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Wednesday, December 17, 2008  

Lost in Translation

A couple of weeks ago, we needed an ingredient for an unusual dinner I was making. So Trash sent me next door to see if I could borrow some.

I walked across the driveway to the neighbors' back porch. These are the neighbors who have lived here since before we did, whose college-freshman son was M. Edium's age when we first met them, the ones who used to come over and give Strat his insulin shots when we were out of town. I knew they'd come through for us. If they were home, that is; it was more late afternoon than early evening, and neither of their cars were in the driveway. But I gave it a shot and knocked on their back door.

Their dogs went apefuck, of course, but it was a long moment before I saw a shadowy human figure moving around slowly inside. I leaned around awkwardly to show it was just me, but the person didn't move any faster. When he opened the door, I finally understood why.

It was a middle-aged Japanese man.

This was startling, but not entirely unexpected. Our neighbors had mentioned that they were expecting a houseguest from the Land of the Rising Sun. This, then, obviously, was he. And he clearly did not speak or understand a great deal of English.

Which still wouldn't have been so bad, because I studied Japanese in college. Didn't know that, did you? Of course, I've forgotten most of it, and when confronted with an actual, confused-if-not-suspicious-looking Japanese person, what little was left fled my brain. I couldn't even muster up a simple "Konban wa. Sumimasen. Nihongo dekimasen. Eego dekimasu ka?"

He understood enough English that I think I was able to communicate that I lived next door and was a friend of the neighbors, and would be happy to come back later. I would have been happy to let it go and sumimasen for bothering him. But he insisted I let him try to help me. So I reluctantly asked:

"Could we borrow some Worcestershire sauce?"

Which is not a question I would feel comfortable asking most native English speakers, up to and including many close friends and relatives, yet here I was trying to request it from a guy I'd just met. Plus, I've been recapping The Amazing Race all season, so I was used to watching people traveling around the world and running into language barriers. And here I was facing one, twenty feet from where I'm sitting in my house writing this.

"Sauce?...To eat?" this poor patient man asked me. "Hai, tabemasu," I failed to confirm. He shrugged and vaguely suggested I come back later. I considered explaining, "In America, it is customary for neighbors to allow each other to rummage through their kitchen cabinets when they're not at home," but I wasn't sure I'd be able to get the concept across. So I agreed to come back later. And then went to the store.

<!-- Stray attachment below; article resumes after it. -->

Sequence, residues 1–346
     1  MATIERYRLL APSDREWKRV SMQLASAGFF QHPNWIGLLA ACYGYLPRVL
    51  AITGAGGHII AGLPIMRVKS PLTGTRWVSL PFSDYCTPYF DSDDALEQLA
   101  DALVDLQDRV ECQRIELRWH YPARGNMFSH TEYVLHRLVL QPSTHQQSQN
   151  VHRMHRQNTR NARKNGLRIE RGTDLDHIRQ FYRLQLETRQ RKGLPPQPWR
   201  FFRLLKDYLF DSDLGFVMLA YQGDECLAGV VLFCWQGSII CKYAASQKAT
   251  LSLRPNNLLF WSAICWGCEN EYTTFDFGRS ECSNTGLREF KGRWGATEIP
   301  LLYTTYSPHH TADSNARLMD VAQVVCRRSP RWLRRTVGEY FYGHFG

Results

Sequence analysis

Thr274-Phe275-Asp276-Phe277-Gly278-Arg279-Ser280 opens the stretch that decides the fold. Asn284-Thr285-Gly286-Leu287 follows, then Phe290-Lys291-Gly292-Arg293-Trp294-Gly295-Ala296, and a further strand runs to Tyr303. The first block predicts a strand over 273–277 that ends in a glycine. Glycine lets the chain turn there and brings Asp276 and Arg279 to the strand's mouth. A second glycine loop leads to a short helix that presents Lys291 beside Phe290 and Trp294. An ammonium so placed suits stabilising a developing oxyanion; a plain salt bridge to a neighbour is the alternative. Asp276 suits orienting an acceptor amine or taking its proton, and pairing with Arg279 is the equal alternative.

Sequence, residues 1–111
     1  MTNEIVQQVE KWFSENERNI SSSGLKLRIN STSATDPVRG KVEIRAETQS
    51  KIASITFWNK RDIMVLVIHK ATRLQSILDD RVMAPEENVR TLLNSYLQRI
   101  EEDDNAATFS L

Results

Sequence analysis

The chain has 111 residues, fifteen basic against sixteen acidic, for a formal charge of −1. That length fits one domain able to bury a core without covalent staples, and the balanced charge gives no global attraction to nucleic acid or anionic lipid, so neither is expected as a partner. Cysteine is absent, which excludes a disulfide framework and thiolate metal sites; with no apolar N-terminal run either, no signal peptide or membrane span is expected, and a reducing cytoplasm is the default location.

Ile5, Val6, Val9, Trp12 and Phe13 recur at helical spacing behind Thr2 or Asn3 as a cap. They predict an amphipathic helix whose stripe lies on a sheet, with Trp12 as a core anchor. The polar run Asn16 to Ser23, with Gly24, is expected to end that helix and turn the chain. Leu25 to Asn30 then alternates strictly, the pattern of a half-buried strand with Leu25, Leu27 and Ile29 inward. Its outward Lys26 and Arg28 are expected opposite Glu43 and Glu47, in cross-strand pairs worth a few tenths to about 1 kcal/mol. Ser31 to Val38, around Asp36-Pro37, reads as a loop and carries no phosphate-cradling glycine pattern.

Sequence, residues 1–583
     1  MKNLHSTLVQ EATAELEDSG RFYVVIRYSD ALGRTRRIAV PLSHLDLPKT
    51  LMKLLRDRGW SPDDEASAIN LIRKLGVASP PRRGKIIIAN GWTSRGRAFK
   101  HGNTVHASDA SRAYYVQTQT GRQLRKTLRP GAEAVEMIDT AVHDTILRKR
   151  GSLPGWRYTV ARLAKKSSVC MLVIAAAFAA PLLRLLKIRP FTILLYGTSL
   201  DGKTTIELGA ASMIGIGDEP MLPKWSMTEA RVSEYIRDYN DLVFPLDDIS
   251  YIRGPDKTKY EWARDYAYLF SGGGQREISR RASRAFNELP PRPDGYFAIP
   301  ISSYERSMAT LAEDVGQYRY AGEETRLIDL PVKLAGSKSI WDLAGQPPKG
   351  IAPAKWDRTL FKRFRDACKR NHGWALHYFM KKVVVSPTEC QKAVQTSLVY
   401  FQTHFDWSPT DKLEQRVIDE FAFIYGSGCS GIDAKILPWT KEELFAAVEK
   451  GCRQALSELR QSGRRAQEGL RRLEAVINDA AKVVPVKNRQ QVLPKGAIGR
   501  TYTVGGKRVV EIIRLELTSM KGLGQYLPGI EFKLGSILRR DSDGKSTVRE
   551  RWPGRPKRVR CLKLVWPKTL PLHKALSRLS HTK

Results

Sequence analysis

I saw him a couple of times after that during his visit. His English had improved. My Japanese never did.

posted by M. Giant 8:32 PM 6 comments

6 Comments:

Wait - Worcestershire sauce is considered an unusual ingredient? Huh. That's one of our fridge staples. I use it probably at least monthly.... It always goes in meatloaf or hamburgers, for example.

Too bad you guys don't live next door to us! We've lent out eggs and cinnamon in the past week alone. (Well, given, really, more than lent - it isn't like they returned what they used. Well, actually we did get some snickerdoodles out of the deal, so they *did* kind of return the ingredients after all, didn't they? In much more delicious form, too...)

By Blogger Heather, at December 18, 2008 at 6:57 AM  

Our neighbor is awesome - I stopped by one weekend to get an egg from him - and walked back in the house with an egg, a bottle of wine and a 6-pack of regional microbrew!

By Anonymous Anonymous, at December 18, 2008 at 3:31 PM  

I have to second Heather that Worcestershire sauce is a key ingredient around our house!! But I guess you wrote "unusual dinner," not unusual ingredient!!

By Blogger NGS, at December 18, 2008 at 4:22 PM  

Read the clue: "we needed an ingredient for an unusual dinner" not an unusual ingredient.

By Blogger Teresa, at December 19, 2008 at 10:57 AM  

So, cool borrowing from neighbor story.

I have a friend with a cousin in London. While she was visting her cousin turned to her son and said, "Honey, could you pop round and see if Sting could spare a cup of sugar?"

Yes, they borrowed sugar from their neighbor. STING!

By Anonymous Bo, at December 19, 2008 at 8:08 PM  

Read the post immediately above yours, Teresa: NGS made the same point and managed to do so without being nasty to another commenter.

By Anonymous Anonymous, at December 21, 2008 at 8:53 PM  

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